One illustrator that answered Let’s Read’s open audition was San Samanea. With no formal training but a lifelong love of art, the 26-year-old Phnom Penh native who goes by Nea applied on a lark, just looking for an excuse to draw, and soon found herself helping create a story to entertain and educate the next generation of Cambodian bookworms.
New to the world of publishing, the event was a learning experience for Nea.
“I was lost once we finished the storyboard, I just kept asking the art director, what do I do next?” she said. “But they [the author and editor] showed us what they want and they gave me some idea of what this character is going to do and what kind of expressions they should have.”
Nea, who works part-time for a media startup, enjoyed the opportunity to use her art to bring a story to life, and while she may not be quitting her day job to pursue a career in children’s books just yet, the experience opened her eyes to the possibilities that art may hold for her future.
“After this project, I want to try to do some more art projects that are more than just a hobby. We’ll see,” she pondered.
However, Book Lab events are just one aspect of Let’s Read’s literacy work in Cambodia.
Starting In 2018, as part of the USAID-funded All Children Reading Program implemented in conjunction with Research Triangle International, the Cambodian government began its mission to distribute storybooks for 1st and 2nd-grade public school students along with their standard textbooks.
A collaborative effort, Let’s Read participated in the project, building on the success of their Book Lab model. All Children Reading has since created 60 titles to encourage young learners to read outside of the classroom and the 10,000 books printed so far demonstrate the potential for Cambodia’s pool of creative authors and illustrators to improve literacy in the country.
While the Book Lab events and All Children Reading were responsible for the creation of dozens of new titles, the Let’s Read team also recognized the time-consuming and labor-intensive nature of this type of production process. Looking to accelerate the number of books available to Cambodia’s millions of young learners, face-to-face and virtual translation events brought together volunteers as well as children’s book experts and professional translators to reproduce foreign-language titles in Khmer.
As well as bolstering Let’s Read’s library with hundreds of Khmer-language titles, the use of a digital translation platform these events also demonstrated the functionality of digital tools for collaboration, which became invaluable during the ongoing Covid pandemic.
Along with these translation events and a digital library offering access to hundreds of titles via an Android app, the group also understands the importance of establishing routine in building a culture of reading, and the Read Everyday campaign became an important part of Let’s Read’s activities.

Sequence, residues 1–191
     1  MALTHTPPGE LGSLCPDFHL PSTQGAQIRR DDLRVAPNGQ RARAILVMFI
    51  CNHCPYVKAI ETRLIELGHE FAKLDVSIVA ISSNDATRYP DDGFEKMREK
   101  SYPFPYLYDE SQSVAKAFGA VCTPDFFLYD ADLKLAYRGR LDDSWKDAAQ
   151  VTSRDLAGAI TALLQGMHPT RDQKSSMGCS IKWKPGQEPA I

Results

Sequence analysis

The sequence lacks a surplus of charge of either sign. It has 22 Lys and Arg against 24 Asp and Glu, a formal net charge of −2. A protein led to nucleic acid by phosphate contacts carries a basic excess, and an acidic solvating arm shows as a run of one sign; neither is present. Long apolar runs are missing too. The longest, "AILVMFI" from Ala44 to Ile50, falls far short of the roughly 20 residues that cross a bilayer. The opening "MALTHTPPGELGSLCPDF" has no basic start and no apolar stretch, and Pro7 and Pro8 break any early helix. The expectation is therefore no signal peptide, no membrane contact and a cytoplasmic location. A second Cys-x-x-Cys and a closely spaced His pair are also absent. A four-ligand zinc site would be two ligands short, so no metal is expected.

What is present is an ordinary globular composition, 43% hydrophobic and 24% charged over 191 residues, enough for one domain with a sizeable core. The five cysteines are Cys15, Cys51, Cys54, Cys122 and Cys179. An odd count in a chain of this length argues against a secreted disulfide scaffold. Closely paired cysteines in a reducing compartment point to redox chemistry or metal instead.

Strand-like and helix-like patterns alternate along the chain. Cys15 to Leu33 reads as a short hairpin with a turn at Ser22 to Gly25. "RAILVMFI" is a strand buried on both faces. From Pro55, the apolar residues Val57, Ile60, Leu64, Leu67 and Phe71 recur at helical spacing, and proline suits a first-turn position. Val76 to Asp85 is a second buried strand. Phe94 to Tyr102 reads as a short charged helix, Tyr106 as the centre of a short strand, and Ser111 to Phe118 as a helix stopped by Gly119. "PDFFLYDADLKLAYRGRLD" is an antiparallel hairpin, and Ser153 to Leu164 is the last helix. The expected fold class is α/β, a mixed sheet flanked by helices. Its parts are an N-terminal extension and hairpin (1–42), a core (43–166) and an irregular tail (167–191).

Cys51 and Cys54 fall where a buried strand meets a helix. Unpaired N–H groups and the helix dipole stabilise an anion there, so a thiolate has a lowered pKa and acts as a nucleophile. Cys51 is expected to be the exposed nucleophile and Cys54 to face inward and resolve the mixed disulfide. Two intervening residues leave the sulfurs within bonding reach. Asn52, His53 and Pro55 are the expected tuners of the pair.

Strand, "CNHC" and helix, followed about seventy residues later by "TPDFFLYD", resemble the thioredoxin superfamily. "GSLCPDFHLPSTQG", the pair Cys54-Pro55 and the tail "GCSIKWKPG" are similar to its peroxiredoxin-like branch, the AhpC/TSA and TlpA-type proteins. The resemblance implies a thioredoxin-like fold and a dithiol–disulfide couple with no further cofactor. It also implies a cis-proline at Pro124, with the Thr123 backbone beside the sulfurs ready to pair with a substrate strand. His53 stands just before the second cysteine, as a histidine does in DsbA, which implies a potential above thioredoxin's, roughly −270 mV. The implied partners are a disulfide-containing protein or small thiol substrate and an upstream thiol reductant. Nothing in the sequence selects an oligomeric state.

In cooperation with the MoEYS and 12 other partners, ten videos were produced that demonstrated tips for parents and educators on how to conduct fun, engaging reading sessions that get young learners excited about books. With the goal of instilling the importance of reading out loud for young learners, the videos were distributed to teachers, librarians, and parents via social media and radio and were shared onscreen at the Institute of Technology during the National Reading Day Festival to mark the culmination of the ten-day, “Read Everyday Week” campaign. Initially, Let’s Read set a target of 100,000 children to reach for this massive literacy programme, however, by the end of the campaign in 2020 over 220,000 had been impacted.
With projects such as these exhibiting successes already, Asia Foundation’s Chheang Chansomey is optimistic about the future of Cambodia’s next generation of literature enthusiasts.
And her optimism seems warranted. While the 2020 physical event was cancelled due to Covid-19, the 2019 National Book Fair tripled the attendance of the 2017 fair, with almost 160,000 people – many of them young adults and children – passing through the three-day event. The number of booths exhibiting Cambodian and international books also increased from 80 in 2017 to 140 in 2019, a testament not only to the growth of the local sector but the interest of the population.
As the government and NGOs continue to work together to establish a culture of reading by getting books into the hands of young learners across the country, Let’s Read isn’t finished yet. “We are going to keep making local content and connecting with local people,” Chansomey said. “We are going to go out and work with the community more than we already have, making reading a leisure activity and not just a chore for school.”